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Aug. 26th, 2002 | 12:14 am

Today I did a bunch of errands on my bike. Unfortunatly since I left all the little magic boxes that tell me how far I went at home, I have to estimate from a map. it was probably a little over 25 km.

One unfortunate thing happened though. As I was biking up a hill, I felt like I overheated, my face felt really warm, my heart rate was pretty high, and I had to stop. (And unfortunatly I ran out of water then too.)

One of the things I've noticed is when that happens, I end up with a headache for the rest of the day. I'm not quite sure what that is, and more importantly how to prevent it. (Other than never exerting myself while it's daylight.)

On the plus side, I attached a rack, got some of the funky clipless shoes, and a really neat cargo-webbing thing that can hold oddly shaped things to ones rack.
I also got a book called the long distance cyclists' handbook, hopefully it'll provide some useful information about touring (and how to improve ones riding distance.)

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Comments {8}

T e s s

(no subject)

from: soulsong
date: Aug. 26th, 2002 04:58 am (UTC)
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Headaches can often be a first sign of dehydration. I know that when I get them my first action is to drink as much water as I can. Often, if I catch it early enough, this makes the headache go away. The other cause for me is when I haven't eaten enough. Presumably it's something to do with blood sugar levels, but I dont understand that enough to know what's going on. Thirdly, bright sunshine doesnt help. If I'm having to squint, then for sure a headache wont be too far away.

Interestingly, no headache has ever started during my wing chun training. This is noteworthy because I train from 7-9pm, which is the most likely time for headaches for me, because I'm getting hungry and tired, and may be starting to relax after a stressful day at work. Also, I'd expect to dehydrate a lot more during training. But strangely the opposite happens - if I go with a headache already in progress, my practice makes the headache go away. Presumably this is due to a combination of the vast quantities of water I drink before training, and the meditative aspects of the art itself.

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Diane Trout

(no subject)

from: alienghic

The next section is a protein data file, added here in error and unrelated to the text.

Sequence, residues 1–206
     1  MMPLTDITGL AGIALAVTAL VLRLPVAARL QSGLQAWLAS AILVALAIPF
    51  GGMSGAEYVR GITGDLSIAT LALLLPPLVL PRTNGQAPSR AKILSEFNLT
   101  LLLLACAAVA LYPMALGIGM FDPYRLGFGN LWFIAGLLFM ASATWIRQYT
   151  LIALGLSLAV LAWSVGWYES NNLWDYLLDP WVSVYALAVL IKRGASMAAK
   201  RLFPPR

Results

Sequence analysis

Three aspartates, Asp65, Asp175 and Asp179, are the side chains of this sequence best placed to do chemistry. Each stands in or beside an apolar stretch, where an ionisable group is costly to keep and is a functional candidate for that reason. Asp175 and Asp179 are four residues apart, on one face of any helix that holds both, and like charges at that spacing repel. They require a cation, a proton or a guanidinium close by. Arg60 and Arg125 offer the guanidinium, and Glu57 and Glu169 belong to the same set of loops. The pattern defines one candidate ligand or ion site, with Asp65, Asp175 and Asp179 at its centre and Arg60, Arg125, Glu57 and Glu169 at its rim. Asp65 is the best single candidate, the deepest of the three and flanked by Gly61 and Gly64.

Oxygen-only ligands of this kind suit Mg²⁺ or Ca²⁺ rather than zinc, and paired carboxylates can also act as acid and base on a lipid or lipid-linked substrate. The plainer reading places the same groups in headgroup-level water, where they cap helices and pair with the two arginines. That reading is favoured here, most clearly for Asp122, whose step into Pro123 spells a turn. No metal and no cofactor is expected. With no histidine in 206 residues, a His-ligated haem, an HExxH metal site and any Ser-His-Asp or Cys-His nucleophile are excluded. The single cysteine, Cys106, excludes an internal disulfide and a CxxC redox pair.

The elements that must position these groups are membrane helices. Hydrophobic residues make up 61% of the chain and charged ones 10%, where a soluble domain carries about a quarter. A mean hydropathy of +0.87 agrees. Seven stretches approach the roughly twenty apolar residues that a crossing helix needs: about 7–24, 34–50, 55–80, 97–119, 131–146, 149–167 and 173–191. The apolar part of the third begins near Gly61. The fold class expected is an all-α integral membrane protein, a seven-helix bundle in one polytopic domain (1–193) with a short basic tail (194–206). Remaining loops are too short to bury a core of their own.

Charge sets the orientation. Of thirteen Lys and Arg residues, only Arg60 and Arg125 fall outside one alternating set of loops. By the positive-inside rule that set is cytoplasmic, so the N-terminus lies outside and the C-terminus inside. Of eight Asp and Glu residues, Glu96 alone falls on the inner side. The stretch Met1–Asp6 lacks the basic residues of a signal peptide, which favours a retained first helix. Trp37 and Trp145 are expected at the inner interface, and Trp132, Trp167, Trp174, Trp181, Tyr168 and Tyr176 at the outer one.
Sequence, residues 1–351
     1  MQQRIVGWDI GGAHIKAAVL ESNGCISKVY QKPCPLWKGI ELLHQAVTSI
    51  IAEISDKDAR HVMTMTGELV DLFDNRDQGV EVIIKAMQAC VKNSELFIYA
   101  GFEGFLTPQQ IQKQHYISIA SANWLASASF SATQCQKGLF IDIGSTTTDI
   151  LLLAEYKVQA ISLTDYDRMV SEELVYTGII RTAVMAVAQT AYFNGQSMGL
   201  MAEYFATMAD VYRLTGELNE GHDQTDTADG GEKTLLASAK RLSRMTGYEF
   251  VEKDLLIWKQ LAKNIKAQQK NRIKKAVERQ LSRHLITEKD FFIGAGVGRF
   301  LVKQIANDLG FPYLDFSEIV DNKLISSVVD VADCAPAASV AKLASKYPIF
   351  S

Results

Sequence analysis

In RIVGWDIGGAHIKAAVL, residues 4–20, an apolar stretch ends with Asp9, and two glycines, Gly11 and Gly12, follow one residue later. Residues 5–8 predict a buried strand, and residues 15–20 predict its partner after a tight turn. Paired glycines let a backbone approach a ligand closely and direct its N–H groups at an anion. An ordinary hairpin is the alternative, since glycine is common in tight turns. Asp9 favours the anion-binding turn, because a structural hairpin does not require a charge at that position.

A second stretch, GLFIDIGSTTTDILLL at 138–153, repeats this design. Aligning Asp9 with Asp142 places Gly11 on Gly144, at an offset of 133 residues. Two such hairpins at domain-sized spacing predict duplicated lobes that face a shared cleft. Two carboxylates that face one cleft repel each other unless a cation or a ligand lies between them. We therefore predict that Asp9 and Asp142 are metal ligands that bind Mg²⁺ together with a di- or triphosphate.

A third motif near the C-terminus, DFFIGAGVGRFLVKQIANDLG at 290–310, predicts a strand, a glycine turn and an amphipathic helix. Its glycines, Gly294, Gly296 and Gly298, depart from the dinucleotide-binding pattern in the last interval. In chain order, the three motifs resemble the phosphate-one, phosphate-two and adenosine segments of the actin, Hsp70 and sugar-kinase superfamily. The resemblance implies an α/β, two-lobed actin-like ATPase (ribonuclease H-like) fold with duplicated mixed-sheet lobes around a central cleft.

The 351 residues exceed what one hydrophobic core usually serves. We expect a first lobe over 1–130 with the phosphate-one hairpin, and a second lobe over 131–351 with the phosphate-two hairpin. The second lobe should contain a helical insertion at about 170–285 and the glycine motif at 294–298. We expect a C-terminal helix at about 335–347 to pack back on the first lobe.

date: Aug. 26th, 2002 12:54 pm (UTC)
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For me one of the conditions of the dehydration headache also seems to be overheating, so I'm wondering if you ha ve moments when you're in a rest state during your training (to have a few moments to disapate some heat. Also not being in direct sunlight probably helps too.

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T e s s

Re:

from: soulsong
date: Aug. 26th, 2002 01:15 pm (UTC)
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yeah, lots of sweat :)

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(Deleted comment)

Diane Trout

(no subject)

from: alienghic
date: Aug. 26th, 2002 12:56 pm (UTC)
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Thanks, I'll try that.

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wig

curious

from: wig
date: Aug. 26th, 2002 02:42 pm (UTC)
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What kind of shoes did you get? Have you used clipless pedals before?

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Diane Trout

Re: curious

from: alienghic
date: Aug. 26th, 2002 04:53 pm (UTC)
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Some type of shimano clipless sandles (which may be discontinued now.)

No, I've never used clipless before. I'm hoping it won't be too difficult. (Though I'm currently stuck on trying to figure out how to clip the shoes in.)

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wig

Re: curious

from: wig
date: Aug. 27th, 2002 03:17 am (UTC)
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My shoes work with (Shimano) SPD pedals - to clip in I push forwards and down. To get out I twist my ankle sharpish to the side.

You should be able to adjust the pedals so that you don't have to work too hard to get out of them. I think most people start with the adjustment loose like that, then eventually tighten them up more as they become more confident.

When I first got clipless cleats and pedals, I had someone hold my bike upright while I just practiced stepping in and out. It was a bit scary at first but now I love clipless!

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Diane Trout

Re: curious

from: alienghic
date: Aug. 28th, 2002 09:27 pm (UTC)
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I think they're shimano SPDs as well, I'm currently at trying to figure out how to line the shoes up so they clip in correctly.

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